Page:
By Mike Pepler, UK Awards Manager
At a time of global and political uncertainty, protecting the UK's energy supply and 'keeping the lights on' must surely be keeping many a DECC official awake at night.
Current figures do not look good. While as recently as 2003 we were a net exporter of energy, in that year the steady decline of North Sea oil and gas production started a growing trend of importing energy. Alarmingly, DECC figures show that between April 2011 and March 2012 the UK imported:
- 62% of our coal
- 20% of our oil
- 40% of our gas
With a total estimated import bill of £24 bn a year, overall energy imports now account for about 34% of our total demand, compared to 4.5% just 7 years ago, and this trend will continue even if the enthusiasm for fracking in some areas is maintained.
The reason for this is the rate of production decline. During the 12 months to the first quarter of 2012:
- Coal production fell 12%
- Oil production fell 13%
- Gas production fell 14%
- Nuclear production of electricity fell 12%
How can we stop the rot? More importantly, how do we navigate the so-called ‘trilemma’ of the demands of security of supply, climate change goals and affordability?
As Energy Secretary Ed Davey at least appears to recognise, investing in renewable sources of energy is key to increasing our energy security. And there are plenty of models around that demonstrate its potential to create a triple win of energy security, bottom line benefits and reduced CO2 emissions.
For example, 2012 Ashden winner Energy4All enables communities to invest in wind power, while 2009 winner Midlands Wood Fuel gives customers a reliable and high quality supply of wood fuel, providing them the option of paying per unit of heat rather than per tonne of wood to simplify their financial planning.
In fact, if you look beyond the political rhetoric, renewable energy seems to be performing quite well. DECC figures show that:
- Generation is up 39%. High rainfall and stronger wind helped, as well as increased numbers of wind turbines.
- The renewable share of total electricity is 11.1% compared to 7.7% a year ago.
- Renewable generation capacity is up 36% on a year ago, to 13GW.
Reducing demand must also be part of the energy security debate
Strangely absent from much of the current debate on energy security – and indeed, from the Energy Bill itself – is a lack of discussion about how reducing demand can also help achieve this triple win.
According to DECC, some 82% of coal demand in the UK is for electricity generation, as is 34% of gas demand. Families, communities and public and private sector organisations can all make a difference here, by reducing their electricity consumption. One of our winners this year, Student Switch Off, has shown what’s possible in cutting demand, by persuading thousands of university students to cut the electricity use by 7% through behaviour change alone.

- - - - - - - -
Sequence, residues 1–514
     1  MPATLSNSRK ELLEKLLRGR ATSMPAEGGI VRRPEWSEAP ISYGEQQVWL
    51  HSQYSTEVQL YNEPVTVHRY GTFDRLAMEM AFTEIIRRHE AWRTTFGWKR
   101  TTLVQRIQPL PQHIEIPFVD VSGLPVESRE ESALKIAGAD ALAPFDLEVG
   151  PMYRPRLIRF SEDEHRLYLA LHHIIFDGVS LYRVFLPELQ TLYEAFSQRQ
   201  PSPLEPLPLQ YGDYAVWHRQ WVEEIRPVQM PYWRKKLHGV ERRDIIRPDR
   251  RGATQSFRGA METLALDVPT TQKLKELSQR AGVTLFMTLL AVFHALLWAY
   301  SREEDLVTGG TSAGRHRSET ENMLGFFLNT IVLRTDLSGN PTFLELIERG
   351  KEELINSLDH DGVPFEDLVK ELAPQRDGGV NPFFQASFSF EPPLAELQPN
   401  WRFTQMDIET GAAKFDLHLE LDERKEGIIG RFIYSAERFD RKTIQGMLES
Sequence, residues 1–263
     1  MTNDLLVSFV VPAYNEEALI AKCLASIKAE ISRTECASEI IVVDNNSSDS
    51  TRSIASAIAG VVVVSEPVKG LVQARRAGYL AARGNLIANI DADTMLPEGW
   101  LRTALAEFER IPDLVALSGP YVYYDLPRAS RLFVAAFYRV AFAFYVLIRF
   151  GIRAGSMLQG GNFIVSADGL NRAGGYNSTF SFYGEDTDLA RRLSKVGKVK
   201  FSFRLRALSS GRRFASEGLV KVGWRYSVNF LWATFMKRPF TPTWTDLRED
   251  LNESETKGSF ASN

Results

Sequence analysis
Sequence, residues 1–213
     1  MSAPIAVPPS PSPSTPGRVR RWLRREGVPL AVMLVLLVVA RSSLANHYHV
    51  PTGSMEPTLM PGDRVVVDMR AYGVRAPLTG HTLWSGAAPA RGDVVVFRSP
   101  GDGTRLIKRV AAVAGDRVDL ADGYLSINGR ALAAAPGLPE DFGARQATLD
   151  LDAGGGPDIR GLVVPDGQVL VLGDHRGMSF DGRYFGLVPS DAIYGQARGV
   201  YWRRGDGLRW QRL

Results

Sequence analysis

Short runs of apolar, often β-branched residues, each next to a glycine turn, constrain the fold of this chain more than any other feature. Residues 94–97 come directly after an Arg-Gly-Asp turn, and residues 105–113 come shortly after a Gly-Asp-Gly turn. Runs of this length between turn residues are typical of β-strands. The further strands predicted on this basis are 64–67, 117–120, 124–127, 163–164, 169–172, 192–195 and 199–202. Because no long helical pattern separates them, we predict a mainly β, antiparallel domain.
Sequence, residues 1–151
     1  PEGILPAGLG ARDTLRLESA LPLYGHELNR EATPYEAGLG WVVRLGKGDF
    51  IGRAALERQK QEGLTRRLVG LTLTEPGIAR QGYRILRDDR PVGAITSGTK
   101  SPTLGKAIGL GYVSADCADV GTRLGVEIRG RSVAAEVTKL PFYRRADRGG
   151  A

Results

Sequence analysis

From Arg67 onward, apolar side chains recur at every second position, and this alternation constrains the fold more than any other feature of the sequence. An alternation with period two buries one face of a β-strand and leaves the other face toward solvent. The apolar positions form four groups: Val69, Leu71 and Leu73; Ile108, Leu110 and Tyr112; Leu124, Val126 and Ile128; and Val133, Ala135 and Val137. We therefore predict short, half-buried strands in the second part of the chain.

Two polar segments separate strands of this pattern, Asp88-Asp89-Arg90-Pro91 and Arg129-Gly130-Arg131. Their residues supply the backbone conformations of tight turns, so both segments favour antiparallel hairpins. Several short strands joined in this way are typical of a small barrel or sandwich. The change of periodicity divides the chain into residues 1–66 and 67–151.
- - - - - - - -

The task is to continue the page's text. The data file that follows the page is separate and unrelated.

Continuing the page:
Saving electricity is a good start, but keeping warm is an even bigger problem, with domestic heating and cooking using 32% of UK gas demand, on top of heating oil and direct electric heating.
And it’s not just homes. Public buildings and businesses need heating too, and almost all of them need their efficiency improving. The University Hospital of South Manchesterhas been leading the way for the NHS, cutting its gas use by 47% through efficiency upgrades and the use of biomass boilers. Meanwhile in Wales, the National Trust – showing that even historic buildings can be retrofitted – has achieved energy savings of over 40%, and across the country Parity Projects has been surveying homes and advising households and social landlords on how best to cut their energy use. Renewable sources of heating will still need to be used, but making these efficiency savings will reduce the cost and complexity of doing that.
Transport is of course the proverbial ‘elephant in the room’, as it is harder to find alternatives to oil, and it consumes 35-40% of energy in the UK. Liftshare.com, one of our Sustainable Travel Award winners, encourages people to make the most of the transport already in use, by facilitating car sharing, so cutting CO2 emissions by 108,000 tonnes a year.
So the models of change are there – both for renewable energy generation and for saving energy. Working on both is key to ensuring a future continual supply of energy, achieving our climate change targets and keeping a lid on fuel costs during these difficult economic times.